Sports escapism has been suspended. There is a chance the ol’ reliable expectation of games as breezy diversions may never return.
As a result, American athletics probably have entered an era of spectator volatility. Some of these leagues don’t realize it, but they will soon. Sports specialize in attaching themselves to what’s considered safe and unassailable, such as patriotism. Never before have they been this forceful, as a collective, in taking positions on anything polarizing. In post-George Floyd America, there’s a spirit of national compassion that, while not universal, has strength in numbers. For the business leaders in sports, the climate is safe enough to seek a connection, which is consistent with the wishes of athletes who want to use their celebrity to speak for the unheard.
We see it play out in the moments before events begin. What for decades had been a passive show of patriotism has turned into a roll call of demonstration. You can’t tune in for pregame festivities without witnessing some form of protest during the national anthem. You also can’t even turn on an NHL game or NASCAR race without being reminded that Black lives matter. You can’t hold out hope for a college football season without learning about the players fighting for representation and fairness.
I feel some sympathy for those who want sports simply to be sports again. I understand the desire to detach from the grief of this awful year. But if sports found a way to be close to 100 percent diversion during happier times, they remain at about 95 percent fun and games.
It takes about 150 minutes to watch an NBA game, complete with the bells and whistles of TV presentation. Not even 10 of those minutes are reserved for social justice. So for as much as sports seem different this summer, they really just got a new haircut and changed their shirt color for a good cause. It’s still easy to get lost in the games, even if the jerseys and fields of play have statements on them. That can be seen as a taxation of joy or as an opportunity to mix enrichment with familiar pleasure.
Still, some will see sports now as too progressive. It’s an easy target in our exasperating culture war, and depending on how you lean politically, it may be a turnoff. In a country that has turned public health protocols into politicized debate, what I see as clear human rights concerns somehow are turned into partisan issues.
In this era of spectator volatility, some fans will depart in disgust. Some will be more attracted to sports. Most figure to ride it out. The unknown is how business executives will react if there’s significant seesawing over the next few years. Sports don’t think very long-term because such vision isn’t usually required. And so, similar to the NFL protests of three years ago and the backlash President Trump led, I’m not certain the sports community truly has thought about all it has tied itself to in recent weeks. There are traces of a no-win predicament: The justice-seeking side will demand that there’s no letup, and the stick-to-sports side will scream that the games have been ruined.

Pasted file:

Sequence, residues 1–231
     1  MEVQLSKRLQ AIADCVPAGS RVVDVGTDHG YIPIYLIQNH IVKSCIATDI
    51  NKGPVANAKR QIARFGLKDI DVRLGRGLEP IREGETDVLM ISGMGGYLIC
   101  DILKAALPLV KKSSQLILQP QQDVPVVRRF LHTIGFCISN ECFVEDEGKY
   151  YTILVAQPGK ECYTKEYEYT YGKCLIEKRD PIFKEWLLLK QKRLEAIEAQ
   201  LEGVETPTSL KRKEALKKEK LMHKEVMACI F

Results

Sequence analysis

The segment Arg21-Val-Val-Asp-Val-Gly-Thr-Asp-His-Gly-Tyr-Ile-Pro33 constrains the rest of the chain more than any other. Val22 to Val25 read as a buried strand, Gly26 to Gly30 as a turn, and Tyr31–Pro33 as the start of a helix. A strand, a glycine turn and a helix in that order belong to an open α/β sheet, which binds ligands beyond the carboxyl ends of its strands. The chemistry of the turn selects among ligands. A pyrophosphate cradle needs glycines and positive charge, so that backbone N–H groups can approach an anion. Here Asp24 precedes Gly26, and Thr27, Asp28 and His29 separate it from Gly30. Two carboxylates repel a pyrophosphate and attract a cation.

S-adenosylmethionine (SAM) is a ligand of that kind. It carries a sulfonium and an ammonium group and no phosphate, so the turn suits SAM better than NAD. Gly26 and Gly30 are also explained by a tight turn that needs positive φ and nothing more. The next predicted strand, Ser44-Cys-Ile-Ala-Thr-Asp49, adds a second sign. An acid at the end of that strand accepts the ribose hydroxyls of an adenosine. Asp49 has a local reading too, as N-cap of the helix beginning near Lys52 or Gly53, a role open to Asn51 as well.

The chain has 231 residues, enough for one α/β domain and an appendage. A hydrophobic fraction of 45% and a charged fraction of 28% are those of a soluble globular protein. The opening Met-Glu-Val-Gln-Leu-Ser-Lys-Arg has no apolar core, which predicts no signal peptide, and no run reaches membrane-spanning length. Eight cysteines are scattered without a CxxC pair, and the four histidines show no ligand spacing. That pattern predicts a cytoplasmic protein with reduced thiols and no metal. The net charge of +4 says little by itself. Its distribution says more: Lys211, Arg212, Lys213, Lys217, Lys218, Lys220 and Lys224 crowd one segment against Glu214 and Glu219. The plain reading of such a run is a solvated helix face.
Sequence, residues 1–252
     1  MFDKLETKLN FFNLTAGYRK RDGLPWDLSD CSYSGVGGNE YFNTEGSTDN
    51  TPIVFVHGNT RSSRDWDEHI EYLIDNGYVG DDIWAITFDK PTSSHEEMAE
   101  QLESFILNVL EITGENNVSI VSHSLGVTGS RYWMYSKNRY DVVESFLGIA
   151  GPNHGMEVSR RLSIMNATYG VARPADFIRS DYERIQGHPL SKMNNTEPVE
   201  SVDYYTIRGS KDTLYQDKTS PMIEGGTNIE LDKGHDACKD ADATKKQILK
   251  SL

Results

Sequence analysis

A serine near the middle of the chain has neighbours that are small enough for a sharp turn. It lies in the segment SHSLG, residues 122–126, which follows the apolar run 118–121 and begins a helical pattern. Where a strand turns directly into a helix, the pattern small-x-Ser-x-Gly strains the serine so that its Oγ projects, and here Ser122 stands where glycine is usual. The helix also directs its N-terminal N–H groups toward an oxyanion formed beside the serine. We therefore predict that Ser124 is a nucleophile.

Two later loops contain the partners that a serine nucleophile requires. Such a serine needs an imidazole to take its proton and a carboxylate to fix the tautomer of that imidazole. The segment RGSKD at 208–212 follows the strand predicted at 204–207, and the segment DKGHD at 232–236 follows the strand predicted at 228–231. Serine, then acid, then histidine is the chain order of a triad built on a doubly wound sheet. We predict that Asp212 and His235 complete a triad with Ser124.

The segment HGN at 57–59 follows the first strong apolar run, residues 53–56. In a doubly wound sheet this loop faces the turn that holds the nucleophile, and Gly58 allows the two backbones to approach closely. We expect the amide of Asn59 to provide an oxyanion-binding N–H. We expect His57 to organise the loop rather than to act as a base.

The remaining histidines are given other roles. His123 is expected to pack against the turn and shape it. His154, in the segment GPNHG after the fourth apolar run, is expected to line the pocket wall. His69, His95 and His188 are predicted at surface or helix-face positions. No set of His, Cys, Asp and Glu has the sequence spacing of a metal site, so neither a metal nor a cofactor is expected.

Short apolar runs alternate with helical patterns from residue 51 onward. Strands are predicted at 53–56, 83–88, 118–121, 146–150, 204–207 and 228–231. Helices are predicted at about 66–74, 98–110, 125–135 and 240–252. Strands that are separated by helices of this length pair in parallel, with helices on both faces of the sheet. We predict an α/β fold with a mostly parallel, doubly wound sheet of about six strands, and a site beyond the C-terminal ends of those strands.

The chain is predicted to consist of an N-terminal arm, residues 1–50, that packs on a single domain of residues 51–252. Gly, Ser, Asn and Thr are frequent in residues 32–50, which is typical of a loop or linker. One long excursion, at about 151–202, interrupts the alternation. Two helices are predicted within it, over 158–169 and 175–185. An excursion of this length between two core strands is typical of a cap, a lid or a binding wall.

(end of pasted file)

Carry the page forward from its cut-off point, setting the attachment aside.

It’s up to the leaders of sports, for once in their money-chasing lives, to stand their ground, resist hedging their bets and think about being on the right side of history. The challenge will be tough because, even if there is no fan attrition, they’ll still be dealing with an audience full of people who have lost significant income or who will be careful with their spending.
Because of the novel coronavirus, extreme revenue shortfalls are inevitable. If anti-justice boycotting actually becomes more than breathless overreaction, the stickiness of sports gets even stickier.
At this time, with determined athletes refusing to let off the gas, fans must reexamine what they want from sports, why they want it and where they see or don’t see room for compromise. If pregame protests or jersey messages are really too much for some people, it makes me wonder why they were drawn to the diverse world of sports in the first place. Was it pure escapism to concentrate on loving the game? Or was it just an effort to avoid the complexities of life by disappearing into a realm in which tradition, rules and order make everything seem tidy?
Do you watch sports because gifted humans thrill you by doing the unexpected? Or do you watch sports because they are neatly packaged games of athleticism and control in which complicated people try their hardest to do as they’re told?
The anthem is a metaphor for sports’ strange new existence. Pro leagues, especially the NFL, saw only goodwill and dollar signs in branding themselves patriotic. They never realized that overdramatized presentations of the anthem could become such an issue.
Now that kneeling and other forms of protest during “The Star-Spangled Banner” have become common, sports are stuck. In this climate, they don’t want to stifle their players’ desire to protest. And they don’t want to stop playing the anthem while players are on the court or field. So now the start of the anthem is like a school bell, but instead of changing classes, it’s a bat signal for choosing sides.
It’s a most uncomfortable sight, but it’s not the hint of civil disobedience that stays with me. These leagues are so inextricably knotted to the anthem — which you would think would be superfluous if athletics were nothing more than a trivial and apolitical haven — that they are, in essence, making a parade of the controversial demonstration.
The anthem represents the hole in the sports bubble. Sports stuck to it before anything else. Anyone who wanted sports insulated from society should have questioned the anthem as a pregame necessity long ago. That didn’t happen. Why? Symbolism is important, for both pride and control. And sports have no transcendent power if they are 100 percent sports.
Take the 95 percent and rejoice.